Comments and materials received from the public are available under Docket ID Number DOD-2017-OS-0032, and at the following link https://www.regulations.gov/docket?D=DOD-2017-OS-0032.
Discussion of Comments and Changes
The JSC considered each public comment and made some modifications to the proposed amendments accordingly.
a. Several comments concerning orthography, grammar, and syntax were received and reviewed, and corrections were made throughout the Manual for Courts-Martial.
b. The extensive nature of the proposed changes necessitated the reproduction, in full, of Parts I-V of the Manual for Courts-Martial and, although not a part of the proposed Executive Order or issued by the President, the Analyses and Discussions were set forth immediately following the provisions and paragraphs to which they pertained to facilitate review and comment on the proposed amendments. Additionally, Appendix 2.1 provided proposed non-binding guidance to be issued by the Secretary of Defense, in consultation with the Secretary of Homeland Security, pursuant to Article 33 (Disposition Guidance) of the Uniform Code of Military Justice (UCMJ), 10 U.S.C. 833. Comments were received suggesting changes to Analyses, Discussions, and the Appendices. These comments are being considered by the JSC and the Department of Defense in the preparation of the supplementary materials.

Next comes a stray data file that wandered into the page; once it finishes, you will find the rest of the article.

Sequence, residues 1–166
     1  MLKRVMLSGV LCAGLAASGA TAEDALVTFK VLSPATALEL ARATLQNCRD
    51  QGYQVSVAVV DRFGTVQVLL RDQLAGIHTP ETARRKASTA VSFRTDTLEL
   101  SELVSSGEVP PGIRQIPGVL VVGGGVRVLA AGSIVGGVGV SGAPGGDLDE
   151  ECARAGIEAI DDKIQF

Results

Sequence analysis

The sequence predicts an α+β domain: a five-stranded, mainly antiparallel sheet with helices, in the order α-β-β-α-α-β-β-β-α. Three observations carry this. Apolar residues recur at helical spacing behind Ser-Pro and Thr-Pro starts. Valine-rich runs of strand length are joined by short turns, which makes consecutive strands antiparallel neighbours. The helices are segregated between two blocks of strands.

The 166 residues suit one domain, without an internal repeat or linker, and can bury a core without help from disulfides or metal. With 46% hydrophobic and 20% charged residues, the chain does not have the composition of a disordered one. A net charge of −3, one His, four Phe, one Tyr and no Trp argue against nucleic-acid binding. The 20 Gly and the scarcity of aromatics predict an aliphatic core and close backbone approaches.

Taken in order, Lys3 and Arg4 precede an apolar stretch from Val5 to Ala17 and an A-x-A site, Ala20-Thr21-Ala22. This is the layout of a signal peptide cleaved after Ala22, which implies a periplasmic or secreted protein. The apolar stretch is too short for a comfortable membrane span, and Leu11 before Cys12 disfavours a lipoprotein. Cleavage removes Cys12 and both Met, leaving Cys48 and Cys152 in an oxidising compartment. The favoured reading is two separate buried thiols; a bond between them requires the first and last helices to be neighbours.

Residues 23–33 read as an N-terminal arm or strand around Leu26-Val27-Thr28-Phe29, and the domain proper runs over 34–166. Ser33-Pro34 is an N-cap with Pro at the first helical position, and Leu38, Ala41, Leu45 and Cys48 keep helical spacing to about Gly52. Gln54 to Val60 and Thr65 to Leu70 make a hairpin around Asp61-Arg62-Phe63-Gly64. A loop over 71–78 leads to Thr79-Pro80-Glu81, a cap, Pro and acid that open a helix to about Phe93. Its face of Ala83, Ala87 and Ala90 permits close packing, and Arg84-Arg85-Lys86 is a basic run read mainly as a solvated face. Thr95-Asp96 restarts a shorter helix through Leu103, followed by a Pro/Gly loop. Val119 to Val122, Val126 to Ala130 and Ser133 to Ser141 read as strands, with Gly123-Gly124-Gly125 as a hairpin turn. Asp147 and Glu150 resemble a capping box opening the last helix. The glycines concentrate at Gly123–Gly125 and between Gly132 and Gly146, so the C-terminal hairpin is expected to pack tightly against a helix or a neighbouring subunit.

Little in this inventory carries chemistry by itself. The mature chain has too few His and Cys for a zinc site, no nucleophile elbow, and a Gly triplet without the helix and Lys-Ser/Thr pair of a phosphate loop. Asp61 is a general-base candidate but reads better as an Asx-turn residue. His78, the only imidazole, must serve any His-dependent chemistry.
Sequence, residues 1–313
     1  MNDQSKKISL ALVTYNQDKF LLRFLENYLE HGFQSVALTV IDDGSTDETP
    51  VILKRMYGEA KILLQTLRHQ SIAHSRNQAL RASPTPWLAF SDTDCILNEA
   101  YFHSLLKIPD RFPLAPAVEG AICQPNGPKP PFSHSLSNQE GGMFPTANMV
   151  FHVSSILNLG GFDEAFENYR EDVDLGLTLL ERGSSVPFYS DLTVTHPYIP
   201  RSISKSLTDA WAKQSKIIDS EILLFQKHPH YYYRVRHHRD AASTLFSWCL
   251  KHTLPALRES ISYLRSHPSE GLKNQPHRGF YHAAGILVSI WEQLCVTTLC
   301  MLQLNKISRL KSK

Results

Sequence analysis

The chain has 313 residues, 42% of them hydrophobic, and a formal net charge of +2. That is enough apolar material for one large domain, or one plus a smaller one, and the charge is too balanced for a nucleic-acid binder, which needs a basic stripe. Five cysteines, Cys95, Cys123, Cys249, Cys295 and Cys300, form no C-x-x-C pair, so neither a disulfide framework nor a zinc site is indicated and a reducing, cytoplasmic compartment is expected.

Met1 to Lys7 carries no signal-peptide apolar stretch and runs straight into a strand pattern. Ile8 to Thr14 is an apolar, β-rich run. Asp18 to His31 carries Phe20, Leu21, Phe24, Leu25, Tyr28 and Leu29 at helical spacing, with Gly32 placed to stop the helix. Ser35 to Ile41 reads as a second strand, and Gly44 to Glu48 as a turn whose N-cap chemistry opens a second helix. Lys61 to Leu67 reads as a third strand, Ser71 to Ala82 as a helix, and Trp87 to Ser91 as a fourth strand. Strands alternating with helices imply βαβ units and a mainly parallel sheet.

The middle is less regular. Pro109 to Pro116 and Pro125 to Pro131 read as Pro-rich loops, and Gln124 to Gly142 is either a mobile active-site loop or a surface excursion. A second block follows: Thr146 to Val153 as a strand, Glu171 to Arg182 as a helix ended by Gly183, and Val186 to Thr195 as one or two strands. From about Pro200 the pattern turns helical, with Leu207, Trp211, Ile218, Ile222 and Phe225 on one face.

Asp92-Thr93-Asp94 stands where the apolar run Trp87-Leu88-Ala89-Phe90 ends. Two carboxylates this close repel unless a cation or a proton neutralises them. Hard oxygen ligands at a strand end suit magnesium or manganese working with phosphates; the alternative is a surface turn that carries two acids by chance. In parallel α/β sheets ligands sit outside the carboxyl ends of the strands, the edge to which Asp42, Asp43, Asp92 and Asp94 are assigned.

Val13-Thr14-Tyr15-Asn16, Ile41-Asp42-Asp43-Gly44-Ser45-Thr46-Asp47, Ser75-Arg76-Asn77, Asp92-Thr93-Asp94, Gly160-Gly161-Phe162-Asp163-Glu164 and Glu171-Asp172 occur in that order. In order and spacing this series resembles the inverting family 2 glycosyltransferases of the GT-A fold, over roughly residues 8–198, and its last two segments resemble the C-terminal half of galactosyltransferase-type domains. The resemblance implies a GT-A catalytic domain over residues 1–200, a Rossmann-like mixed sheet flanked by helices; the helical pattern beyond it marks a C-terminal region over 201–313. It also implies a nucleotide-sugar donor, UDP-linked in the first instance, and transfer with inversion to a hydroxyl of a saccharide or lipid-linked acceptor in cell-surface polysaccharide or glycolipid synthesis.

c. The Department of Defense published several proposals concerning impaneling and excusing excess members and specifically solicited comments as to the optimal rule for removing excess members consistent with Article 36 of the Uniform Code of Military Justice. Several comments were received regarding the different proposals. Proposal #1, providing for the random assignment of numbers to remaining members by the military judge, was incorporated.
d. A comment proposing a change to R.C.M. 804 to ensure that court-martial attendance by the accused constitutes the accused's appointed place of duty for purposes of pay and allowance was received. The comment highlighted that multiple courts had granted confinement credit for accused who did not receive normal pay and allowances or had to pay for their own travel and housing during the pendency of the court-martial. The JSC has adopted this proposal as follows: